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The Q&A: Melissa Wetzel

In this week's Q&A, we interview Melissa Wetzel, an associate professor of language and literacy in the College of Education at the University of Texas at Austin.

Melissa Wetzel is an associate professor of language and literacy in the College of Education at the University of Texas at Austin

With each issue, Trib+Edu brings you an interview with experts on issues related to public education. Here is this week's subject:

Melissa M. Wetzel is an associate professor of language and literacy in the College of Education at the University of Texas at Austin. She studies the ways teachers integrate various literary practices into literacy instruction outside the classroom. She is also interested in critical learning endeavors, particularly when teachers and students work together to establish effective learning techniques. She designed the curriculum for this year’s Master Reading Teacher Institute four-week summer program

Editor's note: This interview has been edited for length and clarity.

Trib+Edu: Can you explain the specifics of this summer’s program and the sort of instruction it provided?

Melissa M. Wetzel: It’s a four-week program that we do every summer. It is open to any teachers who have ... three years of teaching experience as a certified teacher in order to qualify to apply to the state of Texas for a Master Reading Teacher Certificate.

We provide one of the programs that leads towards that certification. Jim Hoffman and other faculty have been doing this for a long time. The program is also offered by the regional professional development center and other universities also offer it, so we’re just one program that offers this opportunity for teachers. We also open our program to graduate students in the College of Education who are interested in the content or are interested in pursuing the certificate.

We have a list of standards that the state wants us to include in our program and then we develop our program – it’s different every summer. I was the one who was doing the curriculum design on that with the teachers. The Josephine Houston Elementary School, they already have a summer program in place for kids there in the morning for a reading program. So these were students who had been identified as needing support in reading over the summer. And so we offered the parents the option of their child staying for the full day to take part in our inquiry camp, whatever you want to call it.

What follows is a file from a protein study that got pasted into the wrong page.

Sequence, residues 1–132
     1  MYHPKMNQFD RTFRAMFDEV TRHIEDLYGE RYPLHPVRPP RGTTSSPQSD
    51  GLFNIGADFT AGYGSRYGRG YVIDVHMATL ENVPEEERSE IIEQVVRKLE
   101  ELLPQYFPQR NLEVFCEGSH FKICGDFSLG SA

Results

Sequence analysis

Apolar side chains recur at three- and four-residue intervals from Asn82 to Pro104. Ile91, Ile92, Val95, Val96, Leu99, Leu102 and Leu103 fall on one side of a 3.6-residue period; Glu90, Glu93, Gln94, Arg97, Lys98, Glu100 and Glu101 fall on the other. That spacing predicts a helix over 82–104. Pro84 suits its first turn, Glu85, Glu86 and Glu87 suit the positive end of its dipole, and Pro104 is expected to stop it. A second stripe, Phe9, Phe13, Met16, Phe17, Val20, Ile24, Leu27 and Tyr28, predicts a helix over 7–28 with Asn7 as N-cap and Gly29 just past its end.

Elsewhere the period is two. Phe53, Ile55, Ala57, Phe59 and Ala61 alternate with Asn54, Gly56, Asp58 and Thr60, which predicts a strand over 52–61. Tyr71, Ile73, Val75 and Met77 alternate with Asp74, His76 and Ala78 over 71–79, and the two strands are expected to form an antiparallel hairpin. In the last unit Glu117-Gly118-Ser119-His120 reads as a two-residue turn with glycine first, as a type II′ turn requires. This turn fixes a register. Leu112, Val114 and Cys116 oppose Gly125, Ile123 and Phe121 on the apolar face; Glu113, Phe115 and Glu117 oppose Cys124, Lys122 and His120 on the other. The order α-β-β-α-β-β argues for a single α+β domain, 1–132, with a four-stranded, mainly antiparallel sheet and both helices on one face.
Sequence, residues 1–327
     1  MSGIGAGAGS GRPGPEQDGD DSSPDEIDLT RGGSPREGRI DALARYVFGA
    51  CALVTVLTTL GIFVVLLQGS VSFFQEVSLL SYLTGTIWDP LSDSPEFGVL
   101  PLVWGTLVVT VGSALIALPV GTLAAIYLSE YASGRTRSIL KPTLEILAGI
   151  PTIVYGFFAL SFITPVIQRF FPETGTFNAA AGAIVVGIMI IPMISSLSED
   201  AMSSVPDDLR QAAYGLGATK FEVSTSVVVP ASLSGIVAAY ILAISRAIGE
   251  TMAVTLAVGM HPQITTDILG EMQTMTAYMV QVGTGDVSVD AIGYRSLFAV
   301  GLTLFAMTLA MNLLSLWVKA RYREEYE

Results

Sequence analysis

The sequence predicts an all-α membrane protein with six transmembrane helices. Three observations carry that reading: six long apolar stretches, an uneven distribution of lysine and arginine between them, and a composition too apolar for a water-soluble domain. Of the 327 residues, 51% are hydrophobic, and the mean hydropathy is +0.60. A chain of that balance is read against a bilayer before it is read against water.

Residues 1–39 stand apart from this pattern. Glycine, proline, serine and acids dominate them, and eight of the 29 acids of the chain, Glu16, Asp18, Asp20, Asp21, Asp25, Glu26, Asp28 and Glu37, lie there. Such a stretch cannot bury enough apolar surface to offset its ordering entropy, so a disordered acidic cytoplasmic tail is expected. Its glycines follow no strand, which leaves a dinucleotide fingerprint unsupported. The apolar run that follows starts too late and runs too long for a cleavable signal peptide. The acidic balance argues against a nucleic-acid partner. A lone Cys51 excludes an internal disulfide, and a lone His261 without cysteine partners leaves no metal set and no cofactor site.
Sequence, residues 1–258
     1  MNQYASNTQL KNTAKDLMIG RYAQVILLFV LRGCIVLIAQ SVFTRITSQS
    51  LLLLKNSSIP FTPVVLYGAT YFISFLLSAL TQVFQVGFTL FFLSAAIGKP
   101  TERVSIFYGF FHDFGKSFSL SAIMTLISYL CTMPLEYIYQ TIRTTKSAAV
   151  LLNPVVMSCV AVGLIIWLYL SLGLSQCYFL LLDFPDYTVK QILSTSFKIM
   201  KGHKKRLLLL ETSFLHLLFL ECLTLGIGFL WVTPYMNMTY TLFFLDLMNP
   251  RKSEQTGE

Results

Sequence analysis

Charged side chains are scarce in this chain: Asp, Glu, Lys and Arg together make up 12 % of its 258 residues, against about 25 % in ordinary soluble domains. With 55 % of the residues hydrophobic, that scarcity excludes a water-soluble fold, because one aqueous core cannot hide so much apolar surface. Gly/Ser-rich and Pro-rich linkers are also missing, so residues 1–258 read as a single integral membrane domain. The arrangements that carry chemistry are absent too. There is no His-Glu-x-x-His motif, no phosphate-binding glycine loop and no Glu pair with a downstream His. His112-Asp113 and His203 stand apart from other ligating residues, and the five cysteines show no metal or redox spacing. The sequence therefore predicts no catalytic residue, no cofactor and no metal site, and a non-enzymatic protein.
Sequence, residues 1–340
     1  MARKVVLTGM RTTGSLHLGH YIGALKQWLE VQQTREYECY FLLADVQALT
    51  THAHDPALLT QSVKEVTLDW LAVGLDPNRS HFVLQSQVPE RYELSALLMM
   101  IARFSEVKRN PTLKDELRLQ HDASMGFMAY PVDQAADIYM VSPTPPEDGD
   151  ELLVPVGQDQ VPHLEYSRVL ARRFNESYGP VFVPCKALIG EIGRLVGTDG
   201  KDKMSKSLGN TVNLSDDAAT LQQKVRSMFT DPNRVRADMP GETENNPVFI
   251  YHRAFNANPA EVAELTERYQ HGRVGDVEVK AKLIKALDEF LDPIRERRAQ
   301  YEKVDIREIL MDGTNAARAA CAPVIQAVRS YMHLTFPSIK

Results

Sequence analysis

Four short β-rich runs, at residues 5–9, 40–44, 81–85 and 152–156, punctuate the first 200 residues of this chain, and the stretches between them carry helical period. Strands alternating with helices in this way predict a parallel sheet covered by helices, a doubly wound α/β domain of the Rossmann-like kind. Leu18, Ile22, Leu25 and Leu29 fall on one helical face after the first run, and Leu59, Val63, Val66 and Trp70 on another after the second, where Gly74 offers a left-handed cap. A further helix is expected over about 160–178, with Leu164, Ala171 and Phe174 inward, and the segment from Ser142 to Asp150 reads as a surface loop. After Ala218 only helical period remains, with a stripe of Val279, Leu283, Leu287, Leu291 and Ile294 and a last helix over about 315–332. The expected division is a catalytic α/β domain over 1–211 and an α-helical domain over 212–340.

A small section of the students who were already there stayed. That group of students was second through fourth graders. We chose water as the focus because it was right around the time of the Memorial Day Floods when we began so we thought it was a local, current issue that would be worthwhile to build curriculum around for the students. 

Trib+Edu: Is it standard to use a topical issue as the focal point of the program? How was this subject ultimately selected?

Wetzel: In the past we’ve used a fiction novel to anchor the curriculum and then do various things around that novel. For example, the year before we had done a novel set in the medieval times, so the inquiry was around, "What did people wear in the Middle Ages? Where did people live in the Middle Ages?" So this year we decided to make the curriculum more relevant to the students rather than using an anchor novel.

We used this anchor idea of water is everywhere, water is a part of our lives. Sometimes we don’t think about it too much but sometimes when we don’t have enough of it or if there is too much, like in the floods, then we take notice. What do people do when there are problems around water? How do communities and people work together? So it’s kind of an attempt to make it more relevant, make it more immediate and also to bring in some of the critical social issues around water. 

Trib+Edu: Can you explain the ideology behind instituting an inquiry-based model to provide instruction for both the teachers and the students? 

Wetzel: So the inquiry-based model, there are lots of different terms people use to describe this idea. Some people would say interdisciplinary curriculum, which would be bringing together literacy and math and science and social studies. Other people talk about a student-centered curriculum, so that would be starting with the students’ experiences, knowledge, understanding, interests and building from there. The difference between those and inquiry, is inquiry is really centered on the idea that we have questions that don’t have easy answers that are important to explore and that’s something we do all through our lives.